Keeping horses off rain-soaked or frozen pasture is critical if you want to maintain healthy grass plants. During the winter, plants stop growing and horses will continue to graze pastures down until little grass is left. Soon you’ll be left with bare spots that will turn to mud as soon as it starts to rain. Another reason to keep horses off pastures during the winter is to keep the soil from becoming compacted. When horses step on wet or soggy pastures, the soil is pressed down, squeezing out the space between soil particles and eliminating the pockets of air that allow roots to grow and water to penetrate. Finally, horse’s hooves, with or without shoes, can trample existing plants and dig up divots of dirt. And weeds usually are quick to move into these areas.
Instead of giving your horse access to the entire pasture during the winter and early spring, create a winter paddock or sacrifice area. A sacrifice area is a small enclosure such as a paddock, corral or pen that gives your horse a chance to get outside during the winter without damaging your pastures. It is called a sacrifice area because you are giving up the use of that small portion of land as a grassy area to benefit the rest of your pastures.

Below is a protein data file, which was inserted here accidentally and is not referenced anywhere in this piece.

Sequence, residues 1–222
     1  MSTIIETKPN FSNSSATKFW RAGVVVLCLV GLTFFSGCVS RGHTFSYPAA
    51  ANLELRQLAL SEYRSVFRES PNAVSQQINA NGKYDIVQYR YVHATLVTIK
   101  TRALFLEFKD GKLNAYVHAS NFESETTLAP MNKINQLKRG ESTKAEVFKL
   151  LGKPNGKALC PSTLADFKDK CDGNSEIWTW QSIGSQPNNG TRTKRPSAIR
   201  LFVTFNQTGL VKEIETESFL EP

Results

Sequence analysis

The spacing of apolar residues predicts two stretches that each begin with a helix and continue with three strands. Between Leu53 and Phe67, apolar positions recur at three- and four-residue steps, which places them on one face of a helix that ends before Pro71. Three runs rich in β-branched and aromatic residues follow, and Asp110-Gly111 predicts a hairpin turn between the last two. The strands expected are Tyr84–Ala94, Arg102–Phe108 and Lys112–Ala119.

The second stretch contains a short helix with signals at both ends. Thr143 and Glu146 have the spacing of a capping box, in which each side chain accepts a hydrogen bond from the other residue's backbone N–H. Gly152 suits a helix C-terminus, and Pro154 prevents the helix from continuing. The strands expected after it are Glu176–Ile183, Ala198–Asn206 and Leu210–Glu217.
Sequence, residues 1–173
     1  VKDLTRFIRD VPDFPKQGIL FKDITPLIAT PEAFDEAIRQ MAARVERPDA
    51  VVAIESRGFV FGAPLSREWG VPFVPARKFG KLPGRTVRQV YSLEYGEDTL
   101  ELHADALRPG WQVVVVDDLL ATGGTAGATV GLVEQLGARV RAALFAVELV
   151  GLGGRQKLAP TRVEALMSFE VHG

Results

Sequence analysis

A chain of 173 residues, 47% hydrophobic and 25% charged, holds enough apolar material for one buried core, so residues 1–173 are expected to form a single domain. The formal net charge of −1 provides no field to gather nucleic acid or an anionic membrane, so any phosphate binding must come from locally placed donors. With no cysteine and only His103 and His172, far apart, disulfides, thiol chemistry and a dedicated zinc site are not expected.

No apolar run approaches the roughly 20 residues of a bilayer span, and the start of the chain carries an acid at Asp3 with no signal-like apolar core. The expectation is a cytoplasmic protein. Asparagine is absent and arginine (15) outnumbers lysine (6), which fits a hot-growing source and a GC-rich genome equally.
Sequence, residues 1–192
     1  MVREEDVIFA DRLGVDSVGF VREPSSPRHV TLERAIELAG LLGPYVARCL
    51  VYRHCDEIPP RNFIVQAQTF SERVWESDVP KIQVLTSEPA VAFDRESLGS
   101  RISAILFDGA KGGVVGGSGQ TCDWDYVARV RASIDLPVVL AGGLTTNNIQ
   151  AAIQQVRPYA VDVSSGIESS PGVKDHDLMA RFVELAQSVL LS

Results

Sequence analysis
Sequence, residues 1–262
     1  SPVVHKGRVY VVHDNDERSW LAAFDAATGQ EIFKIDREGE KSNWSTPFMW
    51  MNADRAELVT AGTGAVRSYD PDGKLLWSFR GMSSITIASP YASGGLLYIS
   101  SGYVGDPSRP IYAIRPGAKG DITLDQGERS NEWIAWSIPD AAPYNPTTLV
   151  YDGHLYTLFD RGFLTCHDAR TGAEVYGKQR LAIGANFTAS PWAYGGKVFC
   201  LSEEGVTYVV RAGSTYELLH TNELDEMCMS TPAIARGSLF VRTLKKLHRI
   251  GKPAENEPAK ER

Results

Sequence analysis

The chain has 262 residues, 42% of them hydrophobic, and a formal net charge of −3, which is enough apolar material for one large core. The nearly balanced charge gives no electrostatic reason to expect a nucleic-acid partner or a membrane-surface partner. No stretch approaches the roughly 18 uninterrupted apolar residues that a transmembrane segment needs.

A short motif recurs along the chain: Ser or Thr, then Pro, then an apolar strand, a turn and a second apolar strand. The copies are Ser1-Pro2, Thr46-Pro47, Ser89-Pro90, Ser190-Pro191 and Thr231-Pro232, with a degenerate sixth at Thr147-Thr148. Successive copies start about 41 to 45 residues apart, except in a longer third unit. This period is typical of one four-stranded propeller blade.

Choose a site that is slightly elevated with dry, well drained soil. Use gravel, hog fuel or stall mats to help keep the area mud free. Keep the area close to your barn to make moving the horses in and out easier. Sacrifice area should be at least 20 feet wide by 20 feet long. If you want to give your horse enough room to trot, you can extend the length to about 100 feet. Use safe fencing for your sacrifice area. Finally, make sure they have access to fresh water.
By limiting your horse to a sacrifice area during the winter months, you’ll have plenty of lush pasture for them to enjoy in the spring and summer.
Photo credit: Fairfax County Government